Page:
Horse Racing Takes Hong Kong by Storm

In Hong Kong, more money is bet on an average horse race than anywhere in the world.


Selasa, 06 Okt 2015 10:00 WIB


Mark Godfrey

Jockey Neil Callan celebrates winning one of the biggest races of the Hong Kong racing calendar, the

Jockey Neil Callan celebrates winning one of the biggest races of the Hong Kong racing calendar, the National Day Cup. (Photo: Hong Kong Jockey Club)

Gambling on horse races is legal in Hong Kong and it’s a favourite local pastime. In Hong Kong, more money is bet on an average horse race than anywhere in the world.

With record revenues of more than 14 billion US dollars last year, there are high hopes this year’s revenues from horse racing could be even stronger.

At the Happy Valley racetrack tonight in downtown Hong Kong. Locals are cheering the home champion jockey, Joao Morreira. 

Punter Tony Ho put his bet on Moreirra tonight… and it paid off. 

“When a horse is in form… you can see from the skin, the fur, the condition. It’s a feeling. It takes time to develop the sense. But I have been studying horses for five years and I started to get the sense and start winning money from the last two years,” Ho said.

Some 25,000 people are here with Ho tonight. He explains why horse racing is so popular among the locals in Hong Kong. “Racing is exciting. It’s a way to gamble. Apart from football betting, it’s the only legal way to gamble in Hong Kong.”

The key behind the success of the Hong Kong racing industry is the enthusiasm of local gamblers who come out in big numbers to each race meeting. 

“Hong Kong overwhelms the rest of the world in terms of money bet and also in attendance. The average attendance at a HKJC meeting is 25,000 and in terms of what we bet overall the figure is 12.5 billion euros per season as of the end of last season. Per race it can’t be topped...the US runs 40,000 races per year and they handle 10 billion,” Pat Cumming, the spokesman for the Hong Kong Jockey Club that manages the city’s tracks and races said.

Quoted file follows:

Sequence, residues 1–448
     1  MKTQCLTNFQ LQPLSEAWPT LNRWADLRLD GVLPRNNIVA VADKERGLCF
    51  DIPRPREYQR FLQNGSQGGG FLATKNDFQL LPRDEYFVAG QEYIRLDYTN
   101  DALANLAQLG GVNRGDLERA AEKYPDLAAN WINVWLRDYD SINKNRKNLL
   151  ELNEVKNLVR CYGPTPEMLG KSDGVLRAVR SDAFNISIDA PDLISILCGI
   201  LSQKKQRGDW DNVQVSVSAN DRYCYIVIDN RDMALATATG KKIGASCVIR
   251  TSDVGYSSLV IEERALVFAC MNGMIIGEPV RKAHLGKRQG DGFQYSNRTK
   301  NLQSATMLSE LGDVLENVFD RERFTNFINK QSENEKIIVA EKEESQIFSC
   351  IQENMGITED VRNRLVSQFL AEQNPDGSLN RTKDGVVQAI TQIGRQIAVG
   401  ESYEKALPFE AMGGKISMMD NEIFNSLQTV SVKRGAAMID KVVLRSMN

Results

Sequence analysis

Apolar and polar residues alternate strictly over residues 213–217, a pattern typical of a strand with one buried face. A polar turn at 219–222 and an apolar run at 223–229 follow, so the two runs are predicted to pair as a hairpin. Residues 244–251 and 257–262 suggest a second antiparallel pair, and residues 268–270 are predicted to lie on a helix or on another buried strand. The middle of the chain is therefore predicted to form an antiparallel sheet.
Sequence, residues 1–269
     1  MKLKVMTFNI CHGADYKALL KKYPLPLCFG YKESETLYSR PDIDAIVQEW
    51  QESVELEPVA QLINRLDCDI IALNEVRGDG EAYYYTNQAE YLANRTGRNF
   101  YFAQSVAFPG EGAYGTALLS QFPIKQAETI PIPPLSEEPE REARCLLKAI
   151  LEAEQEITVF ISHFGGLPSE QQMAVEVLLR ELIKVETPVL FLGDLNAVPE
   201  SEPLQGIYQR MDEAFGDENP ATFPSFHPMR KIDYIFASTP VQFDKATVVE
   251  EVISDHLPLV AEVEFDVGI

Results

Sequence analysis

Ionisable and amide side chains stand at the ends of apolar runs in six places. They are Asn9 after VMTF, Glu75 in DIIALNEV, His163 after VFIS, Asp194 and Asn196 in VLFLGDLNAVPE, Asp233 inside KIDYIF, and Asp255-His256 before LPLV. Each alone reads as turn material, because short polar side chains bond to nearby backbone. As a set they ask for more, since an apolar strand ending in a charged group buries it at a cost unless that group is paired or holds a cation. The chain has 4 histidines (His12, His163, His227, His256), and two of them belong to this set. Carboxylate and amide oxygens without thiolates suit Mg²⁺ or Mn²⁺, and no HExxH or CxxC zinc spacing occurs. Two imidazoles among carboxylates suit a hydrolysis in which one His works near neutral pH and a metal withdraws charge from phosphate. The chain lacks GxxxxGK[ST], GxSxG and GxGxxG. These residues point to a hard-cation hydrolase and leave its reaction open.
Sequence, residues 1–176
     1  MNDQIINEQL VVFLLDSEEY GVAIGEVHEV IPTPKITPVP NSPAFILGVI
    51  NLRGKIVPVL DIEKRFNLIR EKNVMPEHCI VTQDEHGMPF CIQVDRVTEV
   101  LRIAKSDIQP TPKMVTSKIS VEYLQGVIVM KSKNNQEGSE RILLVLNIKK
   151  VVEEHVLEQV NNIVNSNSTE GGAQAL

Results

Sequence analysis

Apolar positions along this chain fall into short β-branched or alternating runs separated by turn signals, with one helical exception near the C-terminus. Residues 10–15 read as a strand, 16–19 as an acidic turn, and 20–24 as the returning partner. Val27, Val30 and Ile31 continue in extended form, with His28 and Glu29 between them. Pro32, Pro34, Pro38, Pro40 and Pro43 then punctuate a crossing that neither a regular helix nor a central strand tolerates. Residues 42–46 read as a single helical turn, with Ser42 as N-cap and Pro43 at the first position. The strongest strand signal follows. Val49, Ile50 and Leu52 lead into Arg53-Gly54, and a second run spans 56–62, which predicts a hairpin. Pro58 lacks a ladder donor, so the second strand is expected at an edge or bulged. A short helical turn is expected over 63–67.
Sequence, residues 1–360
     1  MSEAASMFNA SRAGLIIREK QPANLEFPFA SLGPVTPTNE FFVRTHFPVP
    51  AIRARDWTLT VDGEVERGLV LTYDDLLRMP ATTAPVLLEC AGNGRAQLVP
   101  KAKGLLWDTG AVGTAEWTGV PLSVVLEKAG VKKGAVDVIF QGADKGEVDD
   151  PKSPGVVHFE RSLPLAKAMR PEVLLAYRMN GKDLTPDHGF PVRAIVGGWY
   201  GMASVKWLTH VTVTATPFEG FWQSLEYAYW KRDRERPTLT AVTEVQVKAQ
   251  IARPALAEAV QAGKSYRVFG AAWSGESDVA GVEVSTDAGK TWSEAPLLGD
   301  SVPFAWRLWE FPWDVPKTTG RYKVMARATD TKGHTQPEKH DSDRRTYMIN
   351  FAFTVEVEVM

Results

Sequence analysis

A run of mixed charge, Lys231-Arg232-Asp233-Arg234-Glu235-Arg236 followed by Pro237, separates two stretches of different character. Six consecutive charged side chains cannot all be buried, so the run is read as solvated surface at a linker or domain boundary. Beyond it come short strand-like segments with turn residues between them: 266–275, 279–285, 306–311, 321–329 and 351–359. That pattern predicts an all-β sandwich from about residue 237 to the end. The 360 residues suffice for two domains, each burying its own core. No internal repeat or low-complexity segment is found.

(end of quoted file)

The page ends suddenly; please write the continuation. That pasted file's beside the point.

Hong Kong’s success is also supported by strict regulations on drugs, along with fair and transparent management of races. By contrast scandals over race fixing have blighted the horseracing scene in other parts of Asia. 

Michael Cox covers racing for the local newspaper. “They do the right things with the funds they have. They build fair racetracks, they have good handicapping, they have a good racing product. Stringent drug testing, strong stewarding to ensure fair racing, it gives punters confidence to bet.” 

Here in the prize money for horse racing is also among the highest globally. Last year the Hong Kong Jockey Club paid out 400 million US dollars to the owners of race winning horses. 

Top races offer prize money of several million dollars and that, says Cox, ensures Hong Kong features some of the best horses in the world. 

“It’s the best prize money in the world. It gives owners confidence to invest, knowing that if you buy a half decent animal you are going to get a return. But the biggest factor is integrity. Higher prize money ensures competitive racing, it ensures people are trying and that there is less to be gained from acting in an untoward manner in terms of race fixing,” Cox said. 

Another factor is the ability for overseas gamblers to put money on Hong Kong races. That includes gamblers from China where wagering on horseracing is forbidden by law. 

Pat Cumming from the Hong Kong Jockey Club says the club has been engaging with officials and gamblers from the mainland. 

“We certainly have outreach and marketing programs to bring visitors from the mainland to Hong Kong. We have been bringing in fans and presumably punters in from the mainland. The relationship between the Hong Kong Jockey club and the mainland is greatly increasing.” 

He added “We are in the construction phase of our Chungfa training centre near Guangzhou, which will open in 2018. On September 9 we announced a partnership with the Chinese Equestrian Association. The Jockey Club is going to train jockeys, stewards, officials and bring its advanced drug testing protocols to racing in the mainland.” 

Helen Peng comes from mainland China, and has just discovered the thrill of betting on horse races. The accountant placed her first bet at a recent race meeting. Although her horse came in second, she’s excited to bet again. 

“I don’t know anything, I just pick by chance. I buy number 4 for first place but she got 2nd place. I think I will watch the horses go around and I may buy another one.”

With cash rolling in from heavy betting, the odds are on Hong Kong winning the race to become the financial giant of the horseracing world. That’s surely a fair bet.



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